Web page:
Supporting customer-centric engagement and creating more personalized products and service offerings is a significant focus. In the pharmaceutical industry, companies want to “go beyond the pill” and have greater importance in patients’ health and wellbeing. This means companies are looking to understand engagement points throughout and even before treatments. As the industry becomes more focused on patient outcomes and experiences, there will be new opportunities to drive value throughout the product lifecycle, including physician engagement, R&D, and regulatory functions.

For medical device manufacturers, personalization is also a priority. Physicians are using surgical tools and training aids that are customized for patient use cases. Health monitoring and in-home diagnostic equipment, for example, feature more connected services, education, and dashboards meant to improve the individual experience.

A pre-pandemic survey of medtech executives highlighted the importance of digital health solutions, which averaged 10 percent of revenue, and was expected to increase to 50 percent by 2023. Many of these growth opportunities will be new areas within the patient journey, as well as newer areas like connected or integrated devices and disease prevention.

Medtech companies are focusing on increased efficiencies achieved through solutions like intelligent automation, machine learning, additive manufacturing, and augmented reality. While a new crop of AI startups are redefining how new drugs are being developed, medical device companies are expanding device connectivity that holds promise for value-based services.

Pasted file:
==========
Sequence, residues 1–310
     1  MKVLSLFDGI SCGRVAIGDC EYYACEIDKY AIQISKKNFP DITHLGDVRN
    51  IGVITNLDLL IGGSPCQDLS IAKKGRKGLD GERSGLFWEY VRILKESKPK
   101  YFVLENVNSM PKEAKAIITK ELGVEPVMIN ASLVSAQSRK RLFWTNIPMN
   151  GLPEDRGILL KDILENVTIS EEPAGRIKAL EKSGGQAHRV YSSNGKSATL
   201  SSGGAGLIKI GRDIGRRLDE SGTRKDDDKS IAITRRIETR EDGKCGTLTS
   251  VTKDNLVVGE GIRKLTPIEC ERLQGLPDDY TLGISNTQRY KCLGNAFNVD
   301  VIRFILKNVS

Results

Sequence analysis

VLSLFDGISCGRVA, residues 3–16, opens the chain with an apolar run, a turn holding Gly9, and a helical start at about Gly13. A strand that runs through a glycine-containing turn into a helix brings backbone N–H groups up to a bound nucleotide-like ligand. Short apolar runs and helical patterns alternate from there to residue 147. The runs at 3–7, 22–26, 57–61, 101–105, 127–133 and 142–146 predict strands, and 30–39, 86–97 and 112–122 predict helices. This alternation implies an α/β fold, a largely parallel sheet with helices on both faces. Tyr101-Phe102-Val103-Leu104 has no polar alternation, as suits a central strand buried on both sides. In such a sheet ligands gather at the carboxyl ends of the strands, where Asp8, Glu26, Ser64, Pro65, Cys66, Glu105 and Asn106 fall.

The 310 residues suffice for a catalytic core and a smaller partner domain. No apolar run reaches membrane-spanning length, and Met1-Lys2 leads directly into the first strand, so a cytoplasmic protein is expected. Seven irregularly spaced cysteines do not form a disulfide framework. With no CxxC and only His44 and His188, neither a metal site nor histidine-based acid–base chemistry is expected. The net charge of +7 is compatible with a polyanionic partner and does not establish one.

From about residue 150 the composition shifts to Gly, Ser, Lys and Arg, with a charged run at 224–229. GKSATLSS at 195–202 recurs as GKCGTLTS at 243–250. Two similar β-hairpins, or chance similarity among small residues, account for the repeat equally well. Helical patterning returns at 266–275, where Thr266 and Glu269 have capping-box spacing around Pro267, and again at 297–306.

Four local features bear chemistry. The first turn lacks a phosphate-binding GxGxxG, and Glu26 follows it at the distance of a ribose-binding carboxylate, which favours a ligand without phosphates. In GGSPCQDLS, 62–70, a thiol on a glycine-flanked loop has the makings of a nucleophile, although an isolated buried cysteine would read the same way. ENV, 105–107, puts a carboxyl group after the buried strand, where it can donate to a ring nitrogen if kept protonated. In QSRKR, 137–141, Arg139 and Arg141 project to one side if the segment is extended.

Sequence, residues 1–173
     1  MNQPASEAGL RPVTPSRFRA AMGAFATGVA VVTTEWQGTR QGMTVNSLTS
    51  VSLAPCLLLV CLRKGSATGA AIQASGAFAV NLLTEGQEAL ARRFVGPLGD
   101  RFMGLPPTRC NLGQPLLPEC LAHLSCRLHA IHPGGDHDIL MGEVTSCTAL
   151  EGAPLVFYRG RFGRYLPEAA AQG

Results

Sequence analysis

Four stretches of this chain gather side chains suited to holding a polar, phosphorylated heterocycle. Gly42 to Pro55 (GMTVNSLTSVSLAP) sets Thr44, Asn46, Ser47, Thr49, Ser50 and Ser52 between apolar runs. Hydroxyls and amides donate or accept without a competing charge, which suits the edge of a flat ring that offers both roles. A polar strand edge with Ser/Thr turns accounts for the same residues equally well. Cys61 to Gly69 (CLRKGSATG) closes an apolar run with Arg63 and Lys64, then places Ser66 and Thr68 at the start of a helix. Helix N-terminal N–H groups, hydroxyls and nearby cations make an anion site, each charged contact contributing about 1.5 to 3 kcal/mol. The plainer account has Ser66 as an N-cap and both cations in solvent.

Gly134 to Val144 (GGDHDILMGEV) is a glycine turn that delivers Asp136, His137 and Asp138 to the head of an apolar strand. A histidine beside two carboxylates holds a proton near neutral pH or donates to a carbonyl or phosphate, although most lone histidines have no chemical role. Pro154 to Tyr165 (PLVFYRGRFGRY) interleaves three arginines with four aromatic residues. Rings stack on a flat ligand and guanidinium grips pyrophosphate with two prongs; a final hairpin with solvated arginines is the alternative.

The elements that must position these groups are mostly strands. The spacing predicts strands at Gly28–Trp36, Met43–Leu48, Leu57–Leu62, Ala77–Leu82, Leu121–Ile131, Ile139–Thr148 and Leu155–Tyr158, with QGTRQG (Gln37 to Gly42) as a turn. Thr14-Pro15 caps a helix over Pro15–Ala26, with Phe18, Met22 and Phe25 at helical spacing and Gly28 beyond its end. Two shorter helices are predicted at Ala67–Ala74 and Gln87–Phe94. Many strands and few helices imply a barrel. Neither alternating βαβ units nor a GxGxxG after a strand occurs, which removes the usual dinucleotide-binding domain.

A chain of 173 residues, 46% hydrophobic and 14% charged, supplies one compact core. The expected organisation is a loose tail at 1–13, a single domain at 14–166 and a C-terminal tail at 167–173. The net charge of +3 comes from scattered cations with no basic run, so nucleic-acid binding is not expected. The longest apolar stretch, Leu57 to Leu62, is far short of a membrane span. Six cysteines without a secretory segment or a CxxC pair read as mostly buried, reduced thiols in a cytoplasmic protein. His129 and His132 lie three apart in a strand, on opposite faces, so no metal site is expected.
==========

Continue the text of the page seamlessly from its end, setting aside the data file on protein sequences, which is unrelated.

Trend #8
Robotics Field Exploding

Since 2015, robotics technology has experienced significant advances, leading to double-digit growth in surgical robotics as an example. By 2025, the number of global MIRS procedures will more than double to 2 million, while the market is predicted to grow from $5.5B to over $24B

The pandemic is also causing a surge in robotics use within hospitals as medical services were restricted. Robots, like virtual care, offered an efficient, cost-effective method to provide safe and socially distanced preoperative, intraoperative, and postoperative care. 

The increased demand for “smart” medical devices and related technologies also increases cybersecurity risks. The European Union has prepared by creating the Cybersecurity Act, requiring manufacturers to set IT security measures for medical devices and protect against unauthorized access. The FDA holds manufacturers primarily responsible for managing cybersecurity risk in their products. The data security and privacy imperative are increasing as more patients have greater choice and demand more connectivity.

Trend #10:
Addressing Increasing Supply Chain Challenges

The pandemic revealed many supply chain challenges for Life Sciences. But, even before COVID-19, global supply chains had become strained with changes to trade agreements, changes in manufacturing plant locations, and other geopolitical forces. Today, Life Sciences organizations are forging mutual partnerships between device manufacturers and part manufacturers to bring greater flexibility and control oversupply.